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speed of change

Only a few buildings, such as the 830-metre Burj Khalifa in Dubai, United Arab Emirates, reach above 500 metres, but that could change with the introduction of magnetic levitation elevators.Shawn Baldwin/The New York Times

Elevators aren't generally thought of as innovative, but new developments in magnetic levitation technology have the potential to take buildings – and cities – to new heights.

Germany's ThyssenKrupp AG in June unveiled the first commercial development with its Multi elevator system, which uses technology similar to that found in super-fast magnetically propelled trains. European property developer OVG Real Estate plans to install the system in its East Sider Tower building in Berlin, Germany, with an expected completion in 2019 or 2020.

The system uses magnetic levitation (maglev) to do away with cables, which introduces several benefits, according to ThyssenKrupp. Elevators can go faster (up to 18 metres a second or roughly twice as fast as traditional lifts), take up less space in a building and, because there are no cables, move horizontally. The lack of cables also means there can be multiple elevator cabins in the same shaft.

"People thought we were crazy," says ThyssenKrupp chief executive officer Heinrich Hiesinger, recalling when the company unveiled its maglev elevator plans in 2014. "But it's a much higher flexibility compared to any fixed [cable] solution."

ThyssenKrupp says its system, while more expensive than a traditional elevator installation, takes up less space and thereby gives building developers up to 50 per cent more space to work with. With less square footage devoted to elevators and shafts, there's more floor space that can be sold or rented as living quarters or offices.

ThyssenKrupp also expects Multi to deliver maintenance cost savings, since cabins can be pulled out of shafts individually when they need to be fixed. The rest of the system can keep going, minimizing downtime.

"You have this continuous flow of cars being able to shuttle around the hoist-way," says Patrick Bass, ThyssenKrupp CEO for North America. "If you need to service a car, you pull the car out of the hoist-way, like in a parking garage, so you're not shutting down the whole line."

Mr. Hiesinger, who was in Toronto with Mr. Bass recently, says the company has signed two non-disclosure agreements for potential developments in North America, but he declined to name the building partners.

Industry analysts believe maglev technology has the potential to reshape how buildings are built and therefore how cities are organized.

Eliminating cables means skyscrapers can grow considerably higher, according to Daniel Safarik, editor of the Council on Tall Buildings and Urban Habitat Journal. Only a few buildings, such as the 830-metre Burj Khalifa in Dubai, United Arab Emirates, currently reach above 500 metres, but that could change.

"Once you go past 200 metres, things start to get exponentially more expensive on a per-floor basis," he says. "Theoretically there is no limit to how far they can travel if they are no longer reliant on ropes to get to their destination."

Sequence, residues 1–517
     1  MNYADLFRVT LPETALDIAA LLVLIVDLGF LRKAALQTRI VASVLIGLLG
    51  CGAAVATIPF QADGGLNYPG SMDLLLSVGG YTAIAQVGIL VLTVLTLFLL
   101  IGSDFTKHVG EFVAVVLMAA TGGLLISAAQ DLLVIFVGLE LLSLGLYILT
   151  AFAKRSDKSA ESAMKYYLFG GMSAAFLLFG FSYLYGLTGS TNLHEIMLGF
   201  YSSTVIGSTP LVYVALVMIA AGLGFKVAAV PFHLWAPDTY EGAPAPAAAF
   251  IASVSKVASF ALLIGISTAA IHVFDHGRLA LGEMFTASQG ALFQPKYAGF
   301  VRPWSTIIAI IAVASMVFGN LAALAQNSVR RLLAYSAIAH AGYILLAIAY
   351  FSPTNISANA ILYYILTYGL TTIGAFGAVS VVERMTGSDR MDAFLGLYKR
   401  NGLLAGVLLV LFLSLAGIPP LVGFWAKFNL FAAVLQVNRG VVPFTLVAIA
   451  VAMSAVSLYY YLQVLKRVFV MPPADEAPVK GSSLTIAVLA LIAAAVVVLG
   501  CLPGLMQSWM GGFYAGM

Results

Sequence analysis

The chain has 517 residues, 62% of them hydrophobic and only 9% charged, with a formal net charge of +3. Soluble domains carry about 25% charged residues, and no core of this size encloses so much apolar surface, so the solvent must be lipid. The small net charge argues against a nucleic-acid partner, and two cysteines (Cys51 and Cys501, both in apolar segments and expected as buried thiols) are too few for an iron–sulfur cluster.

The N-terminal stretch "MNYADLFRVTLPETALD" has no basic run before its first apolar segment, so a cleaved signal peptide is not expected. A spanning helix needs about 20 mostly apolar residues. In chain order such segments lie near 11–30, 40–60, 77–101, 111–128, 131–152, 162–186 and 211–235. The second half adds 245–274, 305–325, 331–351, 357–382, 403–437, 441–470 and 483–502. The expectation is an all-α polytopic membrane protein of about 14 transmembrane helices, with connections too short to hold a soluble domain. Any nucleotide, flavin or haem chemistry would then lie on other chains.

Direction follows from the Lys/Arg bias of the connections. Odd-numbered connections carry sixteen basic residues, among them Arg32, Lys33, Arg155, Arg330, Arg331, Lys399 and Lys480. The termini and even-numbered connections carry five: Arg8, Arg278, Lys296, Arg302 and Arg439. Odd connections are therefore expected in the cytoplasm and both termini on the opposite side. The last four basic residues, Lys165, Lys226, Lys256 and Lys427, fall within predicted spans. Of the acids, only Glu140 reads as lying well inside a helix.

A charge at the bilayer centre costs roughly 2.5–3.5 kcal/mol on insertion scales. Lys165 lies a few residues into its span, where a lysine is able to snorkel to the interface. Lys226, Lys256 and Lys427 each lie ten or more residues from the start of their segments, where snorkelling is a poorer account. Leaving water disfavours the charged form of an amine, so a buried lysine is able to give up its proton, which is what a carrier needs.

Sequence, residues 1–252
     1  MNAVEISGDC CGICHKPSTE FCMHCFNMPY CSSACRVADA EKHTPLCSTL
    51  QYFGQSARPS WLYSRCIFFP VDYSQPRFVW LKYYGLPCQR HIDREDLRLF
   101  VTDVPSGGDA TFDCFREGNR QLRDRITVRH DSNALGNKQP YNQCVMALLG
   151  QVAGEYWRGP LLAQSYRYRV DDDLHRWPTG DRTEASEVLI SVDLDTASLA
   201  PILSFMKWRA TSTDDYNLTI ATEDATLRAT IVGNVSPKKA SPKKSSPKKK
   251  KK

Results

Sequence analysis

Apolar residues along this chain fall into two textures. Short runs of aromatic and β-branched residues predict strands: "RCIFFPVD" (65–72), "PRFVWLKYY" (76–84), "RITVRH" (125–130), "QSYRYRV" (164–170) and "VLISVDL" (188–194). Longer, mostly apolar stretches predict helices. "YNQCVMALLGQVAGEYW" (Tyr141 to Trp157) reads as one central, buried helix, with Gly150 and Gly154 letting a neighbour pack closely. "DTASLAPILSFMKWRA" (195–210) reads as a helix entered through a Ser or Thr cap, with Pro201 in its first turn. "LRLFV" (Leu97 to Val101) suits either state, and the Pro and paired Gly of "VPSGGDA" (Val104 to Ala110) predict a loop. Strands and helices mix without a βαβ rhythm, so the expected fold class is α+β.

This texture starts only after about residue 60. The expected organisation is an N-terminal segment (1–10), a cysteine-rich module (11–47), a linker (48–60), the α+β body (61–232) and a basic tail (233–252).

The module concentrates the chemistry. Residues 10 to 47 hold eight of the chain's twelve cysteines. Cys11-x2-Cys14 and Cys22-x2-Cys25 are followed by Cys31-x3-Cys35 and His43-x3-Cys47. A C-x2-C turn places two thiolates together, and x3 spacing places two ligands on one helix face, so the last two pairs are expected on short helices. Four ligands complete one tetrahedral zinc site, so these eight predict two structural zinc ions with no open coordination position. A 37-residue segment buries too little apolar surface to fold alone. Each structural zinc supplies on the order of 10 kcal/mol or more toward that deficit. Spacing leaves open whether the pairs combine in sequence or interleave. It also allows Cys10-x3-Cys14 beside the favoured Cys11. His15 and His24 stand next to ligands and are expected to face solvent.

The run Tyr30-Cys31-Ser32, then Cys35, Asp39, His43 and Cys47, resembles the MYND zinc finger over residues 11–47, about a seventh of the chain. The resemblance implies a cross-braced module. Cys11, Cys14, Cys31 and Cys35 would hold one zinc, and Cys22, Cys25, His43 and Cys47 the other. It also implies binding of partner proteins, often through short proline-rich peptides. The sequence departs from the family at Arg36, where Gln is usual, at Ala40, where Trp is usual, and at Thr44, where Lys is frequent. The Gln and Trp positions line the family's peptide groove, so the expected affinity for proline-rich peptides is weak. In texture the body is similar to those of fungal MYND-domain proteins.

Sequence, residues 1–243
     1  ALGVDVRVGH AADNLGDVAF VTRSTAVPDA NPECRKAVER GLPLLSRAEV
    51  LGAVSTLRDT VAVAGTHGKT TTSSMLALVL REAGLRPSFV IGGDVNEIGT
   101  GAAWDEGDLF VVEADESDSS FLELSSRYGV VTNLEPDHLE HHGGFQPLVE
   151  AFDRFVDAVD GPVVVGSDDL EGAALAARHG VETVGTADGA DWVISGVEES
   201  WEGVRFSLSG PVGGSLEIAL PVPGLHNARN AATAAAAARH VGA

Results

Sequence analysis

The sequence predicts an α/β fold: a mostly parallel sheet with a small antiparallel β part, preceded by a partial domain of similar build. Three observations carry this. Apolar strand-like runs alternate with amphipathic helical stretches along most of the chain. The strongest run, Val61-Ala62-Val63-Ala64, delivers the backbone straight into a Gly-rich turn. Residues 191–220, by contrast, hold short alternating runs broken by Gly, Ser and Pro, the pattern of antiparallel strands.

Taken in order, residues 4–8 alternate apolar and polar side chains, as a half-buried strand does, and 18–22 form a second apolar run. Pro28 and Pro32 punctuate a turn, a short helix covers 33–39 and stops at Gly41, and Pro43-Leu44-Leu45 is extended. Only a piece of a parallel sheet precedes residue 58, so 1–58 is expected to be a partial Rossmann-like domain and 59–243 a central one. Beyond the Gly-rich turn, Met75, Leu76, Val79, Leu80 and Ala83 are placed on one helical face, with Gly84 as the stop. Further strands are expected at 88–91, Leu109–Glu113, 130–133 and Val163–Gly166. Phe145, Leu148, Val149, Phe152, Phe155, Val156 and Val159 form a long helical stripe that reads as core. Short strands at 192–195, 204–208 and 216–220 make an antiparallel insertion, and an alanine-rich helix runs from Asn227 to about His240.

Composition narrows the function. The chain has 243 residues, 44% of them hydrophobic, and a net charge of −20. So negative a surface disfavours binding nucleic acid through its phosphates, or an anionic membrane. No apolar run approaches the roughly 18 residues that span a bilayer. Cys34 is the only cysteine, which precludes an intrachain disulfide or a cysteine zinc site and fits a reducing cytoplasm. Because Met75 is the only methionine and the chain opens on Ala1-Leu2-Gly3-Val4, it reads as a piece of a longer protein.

The ability for elevators to move horizontally could also lead to rethinking building possibilities. Large campuses such as universities and hospitals could use maglev elevators to improve transportation efficiencies between spread-out buildings, while skyscrapers could also use them to connect to each other via sky-bridges.

"Those are the places where you really do need efficient means of transportation between buildings as well as up and down within them," Mr. Safarik says. "We'll have fewer obstacles to building thriving vertical communities."

ThyssenKrupp is indeed thinking horizontally. The company says it is also in talks with cities and airports about building maglev walkways and people movers. Ultimately, horizontal transportation across cities could blend with vertical movement.

"You're starting to blur the lines with the last-mile concept between having connected infrastructure from the city into buildings," says Ryan Wilson, president and CEO of ThyssenKrupp Canada. "You start thinking that these buildings … essentially become cities in themselves."

Thyssenkrupp's biggest competitors in the industry are Otis Elevator Co. (U.S.), Mitsubishi Electric Escalators and Elevators (Japan), Schindler Elevator Corp. (Switzerland) and Kone Oyj (Finland). Mr. Safarik says rivals are tight-lipped about their plans for maglev systems, but adds that he'd be surprised if they weren't also working on them. With the global elevator and escalator market expected to reach $125-billion (U.S.) by 2021, according to Markets and Markets researchers, much is at stake.

He expects maglev elevators to cost two to three times more to install than a traditional cable-based system, but he also agrees with ThyssenKrupp that the lifetime efficiencies will prove worthwhile. In the end, better elevator technology is likely to bring down the cost of building higher.

"That has been one of the largest controlling factors in how tall a building can practically be," he says. "It ruins the economics at a certain point."

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